Supply and shortages of radiopharmaceuticals

The EANM is dedicated to ensuring a steady supply of radiopharmaceuticals across Europe by addressing supply chain challenges and mitigating shortage risks.

EANM / EU & Global Affairs / Policy / Supply and shortages of radiopharmaceuticals

Supply and shortages of radiopharmaceuticals

The reliable supply of radiopharmaceuticals is critical for the continuous and effective functioning of nuclear medicine. These products, essential for both diagnostic and therapeutic purposes, often have short half-lives, making timely production and delivery imperative. Disruptions in supply can severely impact patient care and clinical outcomes. The EANM is committed to addressing the challenges associated with the supply chain and mitigating the risks of shortages to ensure that radiopharmaceuticals are consistently available across Europe. In this respect, the EU needs to develop a robust supply chain which goes from the research reactor to the patients and includes the supply of starting materials as well as processing materials.

Main Advocacy Priorities for the EANM

  • Robust Supply Chain Infrastructure: Advocate for the development and maintenance of a resilient supply chain infrastructure capable of meeting the demands of the healthcare system.
  • Supply Chain Transparency: Encourage transparency throughout the supply chain, from production to delivery, to identify potential bottlenecks and areas for improvement.
  • Enhanced Communication: To minimise patient impact, all supply chain actors, including healthcare professionals, wholesalers, manufacturers and national competent authorities, should have the obligation and responsibility to collaborate more closely in terms of not only monitoring but addressing the shortage problem. Such communication should be carried out in a timely manner and contain insights on how imminent the issue is, the expected duration of the shortage and whether alternatives are available.
  • Healthcare system readiness: Healthcare infrastructures should be built, renewed, or maintained, in order for all European patients to have equal access to dedicated centres with Nuclear Medicine facilities. The increase in hospital readiness for the delivery of Nuclear Medicine services is fundamental for scaling up their full treatment potential.  Investment in Nuclear Medicine state-of-the-art equipment should be reinforced when developing the EU Network of National Comprehensive Care Centre and through EU funding schemes (Cohesion Funds).
  • Improved Data Collection: The inclusion of Nuclear Medicine into the Cancer Inequalities Registry should be supported to have a clear picture of EU discrepancies in terms of Nuclear Medicine facilities.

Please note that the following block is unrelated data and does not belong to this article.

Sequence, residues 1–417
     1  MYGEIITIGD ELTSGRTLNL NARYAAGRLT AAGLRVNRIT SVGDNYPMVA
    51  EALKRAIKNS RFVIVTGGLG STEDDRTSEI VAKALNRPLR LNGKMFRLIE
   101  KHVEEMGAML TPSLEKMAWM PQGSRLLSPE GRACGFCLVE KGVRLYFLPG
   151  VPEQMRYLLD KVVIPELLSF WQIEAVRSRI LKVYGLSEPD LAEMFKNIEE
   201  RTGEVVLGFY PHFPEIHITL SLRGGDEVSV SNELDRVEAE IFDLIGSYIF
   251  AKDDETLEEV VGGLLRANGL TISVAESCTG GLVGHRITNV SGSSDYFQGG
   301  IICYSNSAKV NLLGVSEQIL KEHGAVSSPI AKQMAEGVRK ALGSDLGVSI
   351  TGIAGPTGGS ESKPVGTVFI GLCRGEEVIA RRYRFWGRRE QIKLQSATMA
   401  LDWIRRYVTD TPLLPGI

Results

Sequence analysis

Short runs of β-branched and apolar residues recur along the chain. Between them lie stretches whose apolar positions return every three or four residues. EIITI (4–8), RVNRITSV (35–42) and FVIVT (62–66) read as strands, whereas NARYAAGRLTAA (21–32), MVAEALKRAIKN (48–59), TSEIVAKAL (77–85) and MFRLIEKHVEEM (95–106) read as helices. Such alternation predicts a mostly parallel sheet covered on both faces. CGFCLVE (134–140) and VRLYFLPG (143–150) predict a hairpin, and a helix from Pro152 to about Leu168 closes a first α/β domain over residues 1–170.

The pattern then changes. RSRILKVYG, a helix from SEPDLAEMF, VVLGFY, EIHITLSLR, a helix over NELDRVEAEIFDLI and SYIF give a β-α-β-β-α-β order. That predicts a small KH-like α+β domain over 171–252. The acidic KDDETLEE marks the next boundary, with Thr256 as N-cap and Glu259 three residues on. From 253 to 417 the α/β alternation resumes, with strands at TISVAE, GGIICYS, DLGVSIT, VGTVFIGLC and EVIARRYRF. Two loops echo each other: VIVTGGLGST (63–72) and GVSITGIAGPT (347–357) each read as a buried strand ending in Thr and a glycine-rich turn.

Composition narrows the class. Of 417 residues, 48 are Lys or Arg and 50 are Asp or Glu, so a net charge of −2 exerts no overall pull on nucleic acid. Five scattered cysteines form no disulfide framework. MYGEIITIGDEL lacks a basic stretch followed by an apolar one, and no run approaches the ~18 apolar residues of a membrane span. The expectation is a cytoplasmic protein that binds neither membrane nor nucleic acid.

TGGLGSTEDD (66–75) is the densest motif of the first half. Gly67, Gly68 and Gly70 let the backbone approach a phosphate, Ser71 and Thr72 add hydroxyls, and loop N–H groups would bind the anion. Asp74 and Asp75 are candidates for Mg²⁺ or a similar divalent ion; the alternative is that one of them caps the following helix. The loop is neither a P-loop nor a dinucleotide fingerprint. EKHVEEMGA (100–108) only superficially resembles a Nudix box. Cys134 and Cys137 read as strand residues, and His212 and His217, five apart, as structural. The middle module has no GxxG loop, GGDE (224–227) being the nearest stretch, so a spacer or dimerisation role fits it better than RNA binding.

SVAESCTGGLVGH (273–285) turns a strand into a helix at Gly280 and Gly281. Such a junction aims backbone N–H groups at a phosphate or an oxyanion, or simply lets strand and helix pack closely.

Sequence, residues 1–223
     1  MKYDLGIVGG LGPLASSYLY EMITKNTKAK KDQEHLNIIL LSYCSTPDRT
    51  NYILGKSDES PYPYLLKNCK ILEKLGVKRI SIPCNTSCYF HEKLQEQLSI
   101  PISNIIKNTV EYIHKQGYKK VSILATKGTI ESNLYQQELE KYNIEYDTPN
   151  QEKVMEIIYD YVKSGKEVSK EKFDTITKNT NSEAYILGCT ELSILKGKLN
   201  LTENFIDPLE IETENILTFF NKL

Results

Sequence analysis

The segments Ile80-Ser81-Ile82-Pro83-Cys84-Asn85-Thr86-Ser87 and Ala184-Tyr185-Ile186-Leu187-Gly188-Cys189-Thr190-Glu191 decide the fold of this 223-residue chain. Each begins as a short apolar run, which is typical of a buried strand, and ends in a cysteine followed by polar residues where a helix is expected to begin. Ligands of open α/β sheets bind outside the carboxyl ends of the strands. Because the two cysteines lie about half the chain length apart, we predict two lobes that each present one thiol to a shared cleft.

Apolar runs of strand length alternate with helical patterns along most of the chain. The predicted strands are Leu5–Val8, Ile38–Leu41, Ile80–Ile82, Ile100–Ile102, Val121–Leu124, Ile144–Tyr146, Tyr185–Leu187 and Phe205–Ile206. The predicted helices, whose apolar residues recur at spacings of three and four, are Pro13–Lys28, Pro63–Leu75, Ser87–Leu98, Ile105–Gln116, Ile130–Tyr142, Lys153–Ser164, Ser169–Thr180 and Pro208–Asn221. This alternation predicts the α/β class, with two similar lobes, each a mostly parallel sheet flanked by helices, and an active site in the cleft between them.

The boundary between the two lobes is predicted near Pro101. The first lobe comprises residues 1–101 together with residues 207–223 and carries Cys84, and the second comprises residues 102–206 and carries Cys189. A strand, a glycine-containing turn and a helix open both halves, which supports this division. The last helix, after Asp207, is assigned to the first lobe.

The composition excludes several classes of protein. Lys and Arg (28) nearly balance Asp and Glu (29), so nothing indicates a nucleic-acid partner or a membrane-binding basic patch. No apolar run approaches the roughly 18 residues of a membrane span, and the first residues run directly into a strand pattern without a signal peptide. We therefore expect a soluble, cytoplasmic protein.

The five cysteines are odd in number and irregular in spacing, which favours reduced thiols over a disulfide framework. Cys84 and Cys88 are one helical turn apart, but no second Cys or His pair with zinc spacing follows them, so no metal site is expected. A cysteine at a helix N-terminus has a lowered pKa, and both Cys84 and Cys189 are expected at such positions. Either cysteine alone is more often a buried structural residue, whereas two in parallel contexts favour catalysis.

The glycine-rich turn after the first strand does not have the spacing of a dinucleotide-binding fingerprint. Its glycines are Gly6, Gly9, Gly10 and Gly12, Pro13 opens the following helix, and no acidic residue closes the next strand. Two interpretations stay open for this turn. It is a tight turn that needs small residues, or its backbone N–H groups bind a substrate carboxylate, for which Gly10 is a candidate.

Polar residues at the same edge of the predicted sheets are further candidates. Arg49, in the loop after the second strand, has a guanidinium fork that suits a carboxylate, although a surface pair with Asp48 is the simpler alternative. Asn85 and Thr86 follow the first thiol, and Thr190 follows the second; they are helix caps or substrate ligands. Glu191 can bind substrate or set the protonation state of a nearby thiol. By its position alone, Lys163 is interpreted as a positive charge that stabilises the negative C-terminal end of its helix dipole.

The EANM’s Role

Committed to ensuring improved supply of radiopharmaceuticals, the EANM is collaborating in various stakeholders’ groups:

  • The EU Observatory for the Supply of Medicinal Radioisotopes: Established in 2012 by the European Commission, it aims at bringing together all relevant information to the decision makers in the EU institutions and national governments in order to assist them in defining strategies and policies for their implementation. The European Observatory has four general strategic objectives:
    • to support a secure Mo-99/Tc-99m supply across the EU
    • to ensure that the Mo-99/Tc-99m supply issue is given high political visibility
    • to encourage the creation of a sustainable economic structure of the supply chain
    • to establish periodic reviews of the supply chain and capacities.
  • The Radioisotopes Valley Initiative Stakeholder Group and Steering Group: As a flagship initiative of the SAMIRA Action Plan, the European Commission has established a European Radioisotope Valley Initiative (ERVI) to maintain Europe’s global leadership in the supply of medical radioisotopes and help accelerate the development and introduction of new radioisotopes and production methods. Over the next few years, the EU Commission will engage with stakeholders and launch feasibility studies before considering a legal framework for this initiative.
  • The Critical Medicines Alliance: The Critical Medicines Alliance (CMA), set up in January 2024, is a consultative mechanism bringing together relevant stakeholders from EU Member States, key industries, the civil society, and the scientific community. The Alliance aims to identify key areas and priorities for action, proposing solutions to strengthen the supply of critical medicines in the EU, ultimately enhancing efforts to prevent and address shortages effectively.  Being involved in the CMA, the EANM is committed to assisting the European Commission in identifying effective measures to address and prevent shortages of critical medicines. As part of EANM contribution, we focus on:
    • ensuring the security of the supply of radiopharmaceuticals
    • enhancing their availability
    • mitigating dependencies within the EU supply chain.
By focusing on these advocacy priorities, the EANM aims to ensure a stable and reliable supply of radiopharmaceuticals, mitigating the risks of shortages and safeguarding the continuity of patient care and clinical services across Europe.